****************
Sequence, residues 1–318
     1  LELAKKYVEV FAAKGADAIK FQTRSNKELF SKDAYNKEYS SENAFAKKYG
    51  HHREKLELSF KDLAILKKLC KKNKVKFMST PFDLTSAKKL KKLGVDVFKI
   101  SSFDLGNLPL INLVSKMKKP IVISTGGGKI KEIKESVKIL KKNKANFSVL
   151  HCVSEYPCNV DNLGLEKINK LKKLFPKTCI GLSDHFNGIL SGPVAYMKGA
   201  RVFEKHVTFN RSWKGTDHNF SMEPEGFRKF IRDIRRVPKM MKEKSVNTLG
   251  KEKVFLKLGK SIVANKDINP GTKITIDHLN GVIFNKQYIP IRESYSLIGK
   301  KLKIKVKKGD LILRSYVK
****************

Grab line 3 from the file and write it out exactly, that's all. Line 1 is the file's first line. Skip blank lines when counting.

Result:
    51  HHREKLELSF KDLAILKKLC KKNKVKFMST PFDLTSAKKL KKLGVDVFKI